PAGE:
India’s Forex reserves declined by 1.76 billion USD in the week which ended on the 11th of February. The previous week, the reserves grew by 2.19 billion USD. During the reporting period, the Foreign Currency Assets (FCA) decreased by 2.76 Billion but some of this loss was offsetted by the other growing components of the Reserve. The Gold reserves increased by 952 million, the Special Drawing Rights (SDRs) and International Monetary Fund (IMF) also followed suit by growing by a shy 65 and 16 million respectively.
RBI’s push for conducting a sell-buy swap has come through in hopes of managing the exchange volatility. Sell-Buy swap is when a bank trades their currency for another currency to then later swap out the purchased currency for their own back. As the Dollar has been predicted to be on a steady rise in value, the purchasing of the dollar and reselling it will help increase the current liquidity of the Indian government. In other words, the Rupee will be traded in equal amounts in exchange for the Dollar, since the Dollar is currently projected to appreciate, when the contract ends and the Dollar is converted back into the Rupee the government will have more finance than what was invested originally. Thus increasing the liquidity of the government to fund their expenses.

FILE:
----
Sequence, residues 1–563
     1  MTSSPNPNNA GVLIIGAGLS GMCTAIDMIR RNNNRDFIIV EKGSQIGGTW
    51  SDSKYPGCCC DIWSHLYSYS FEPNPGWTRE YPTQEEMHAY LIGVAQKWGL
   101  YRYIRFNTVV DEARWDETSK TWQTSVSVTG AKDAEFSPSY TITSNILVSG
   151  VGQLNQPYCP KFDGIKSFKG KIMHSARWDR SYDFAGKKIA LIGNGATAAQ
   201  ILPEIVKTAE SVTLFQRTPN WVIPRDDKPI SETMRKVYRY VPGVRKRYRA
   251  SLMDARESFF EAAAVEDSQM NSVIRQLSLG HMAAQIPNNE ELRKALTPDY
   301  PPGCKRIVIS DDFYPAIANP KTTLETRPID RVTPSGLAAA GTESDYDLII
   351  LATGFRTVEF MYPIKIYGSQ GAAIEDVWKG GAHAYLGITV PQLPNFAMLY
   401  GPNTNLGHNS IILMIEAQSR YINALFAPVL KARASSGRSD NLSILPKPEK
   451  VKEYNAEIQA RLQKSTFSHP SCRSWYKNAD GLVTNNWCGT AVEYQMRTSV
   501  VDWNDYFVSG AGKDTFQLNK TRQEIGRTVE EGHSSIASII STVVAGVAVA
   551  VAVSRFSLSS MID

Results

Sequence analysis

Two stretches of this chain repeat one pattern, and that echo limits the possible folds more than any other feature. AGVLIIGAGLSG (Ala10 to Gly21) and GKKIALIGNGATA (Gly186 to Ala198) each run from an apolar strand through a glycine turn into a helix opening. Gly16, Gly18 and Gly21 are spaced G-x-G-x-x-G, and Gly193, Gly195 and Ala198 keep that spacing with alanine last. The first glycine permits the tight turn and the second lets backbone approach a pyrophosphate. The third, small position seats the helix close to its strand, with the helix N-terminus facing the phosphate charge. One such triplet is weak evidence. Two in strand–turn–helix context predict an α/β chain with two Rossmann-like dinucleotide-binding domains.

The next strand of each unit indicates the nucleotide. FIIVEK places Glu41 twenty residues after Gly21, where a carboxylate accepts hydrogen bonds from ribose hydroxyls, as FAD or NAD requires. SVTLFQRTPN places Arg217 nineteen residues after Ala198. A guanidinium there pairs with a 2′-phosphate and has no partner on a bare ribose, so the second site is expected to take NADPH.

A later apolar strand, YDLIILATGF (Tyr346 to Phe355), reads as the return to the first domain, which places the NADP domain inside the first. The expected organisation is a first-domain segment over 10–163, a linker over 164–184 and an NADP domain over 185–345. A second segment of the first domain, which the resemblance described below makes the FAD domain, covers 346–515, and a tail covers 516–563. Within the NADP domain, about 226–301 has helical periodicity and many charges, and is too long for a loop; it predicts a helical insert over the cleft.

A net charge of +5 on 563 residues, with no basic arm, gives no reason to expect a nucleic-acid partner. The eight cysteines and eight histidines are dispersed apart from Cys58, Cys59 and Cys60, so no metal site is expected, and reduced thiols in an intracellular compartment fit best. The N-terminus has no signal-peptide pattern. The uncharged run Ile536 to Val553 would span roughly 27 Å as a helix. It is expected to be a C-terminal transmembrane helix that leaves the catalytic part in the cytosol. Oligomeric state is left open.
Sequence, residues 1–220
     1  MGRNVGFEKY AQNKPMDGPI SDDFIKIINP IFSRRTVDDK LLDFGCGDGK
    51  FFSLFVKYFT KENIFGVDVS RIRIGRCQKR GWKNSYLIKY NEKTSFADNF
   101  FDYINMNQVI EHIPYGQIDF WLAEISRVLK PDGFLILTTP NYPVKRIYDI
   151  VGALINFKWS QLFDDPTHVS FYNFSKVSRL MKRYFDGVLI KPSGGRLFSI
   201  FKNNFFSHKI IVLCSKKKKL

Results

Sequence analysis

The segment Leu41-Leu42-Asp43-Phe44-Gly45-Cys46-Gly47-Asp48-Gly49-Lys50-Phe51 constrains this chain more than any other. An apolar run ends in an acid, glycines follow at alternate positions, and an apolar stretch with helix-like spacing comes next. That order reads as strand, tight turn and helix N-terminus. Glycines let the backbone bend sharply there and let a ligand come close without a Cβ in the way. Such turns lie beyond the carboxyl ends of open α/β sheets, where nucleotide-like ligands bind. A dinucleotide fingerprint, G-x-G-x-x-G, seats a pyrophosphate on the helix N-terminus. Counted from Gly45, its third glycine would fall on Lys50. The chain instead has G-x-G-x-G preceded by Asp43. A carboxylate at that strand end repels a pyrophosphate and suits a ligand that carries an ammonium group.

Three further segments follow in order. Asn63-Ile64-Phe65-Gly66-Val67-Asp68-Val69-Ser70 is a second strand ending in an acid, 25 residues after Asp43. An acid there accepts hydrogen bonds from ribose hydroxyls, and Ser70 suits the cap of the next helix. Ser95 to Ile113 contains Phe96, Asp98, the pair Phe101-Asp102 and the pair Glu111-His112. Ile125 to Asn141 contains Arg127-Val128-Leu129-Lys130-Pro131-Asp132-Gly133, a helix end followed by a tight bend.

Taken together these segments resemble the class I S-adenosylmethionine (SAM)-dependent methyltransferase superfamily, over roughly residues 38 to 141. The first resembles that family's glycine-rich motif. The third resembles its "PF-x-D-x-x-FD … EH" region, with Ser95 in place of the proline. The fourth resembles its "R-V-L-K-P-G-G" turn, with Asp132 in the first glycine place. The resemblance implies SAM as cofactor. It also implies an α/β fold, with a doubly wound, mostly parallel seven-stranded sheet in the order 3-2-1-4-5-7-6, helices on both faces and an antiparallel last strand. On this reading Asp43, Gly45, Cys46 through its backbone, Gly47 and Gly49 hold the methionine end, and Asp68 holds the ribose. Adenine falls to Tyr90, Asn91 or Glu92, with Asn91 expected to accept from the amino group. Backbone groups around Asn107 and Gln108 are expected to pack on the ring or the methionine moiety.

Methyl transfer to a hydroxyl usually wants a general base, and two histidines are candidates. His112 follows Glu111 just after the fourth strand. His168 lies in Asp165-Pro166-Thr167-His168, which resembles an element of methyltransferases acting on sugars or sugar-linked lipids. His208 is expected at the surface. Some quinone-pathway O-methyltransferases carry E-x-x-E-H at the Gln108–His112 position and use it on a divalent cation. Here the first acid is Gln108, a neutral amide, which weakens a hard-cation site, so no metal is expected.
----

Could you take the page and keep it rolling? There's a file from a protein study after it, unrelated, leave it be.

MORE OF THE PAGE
The RBI plans to hold the purchased Dollar for two years, allowing it to grow and appreciate, then as the contract ends sell the Dollar to increase the (cash available for expenditure) liquidity of the Rupee. This move by the RBI, although standard, is crucial for support amidst the global volatility. The RBI plans to sell-buy $5 billion worth of exchange swaps with a tenure of two years.
In the basket of Asian Currencies, the Rupee, currently, has been resilient. Although the war between Russia and Ukraine will, with almost all certainty, weaken all currencies and the Rupee, similarly, not be an incongruous case. To offset the current pressure of the Dollar outflows on the Rupee, the RBI has been a net-seller of the Rupee since October. The RBI has also been holding a whopping 50 billion Dollars in forward contracts of the Dollar to help liquidate the Rupee. Furthermore, they plan to at multiple points in time, purchase the Dollar during the FY23. This helps to reduce the impact of the Dollars augmentation due to the US Federal Reserves tightening bias.
The sudden and voluminous purchase of the dollar is a double edged sword as the premium for the dollar has increased, making it difficult for importers to book forward dollars. The forward spike could also increase by around 12-15 basis points.
Written and collated by Arjun Kulkarni
With input from Money Control, Times of India and Economic Times.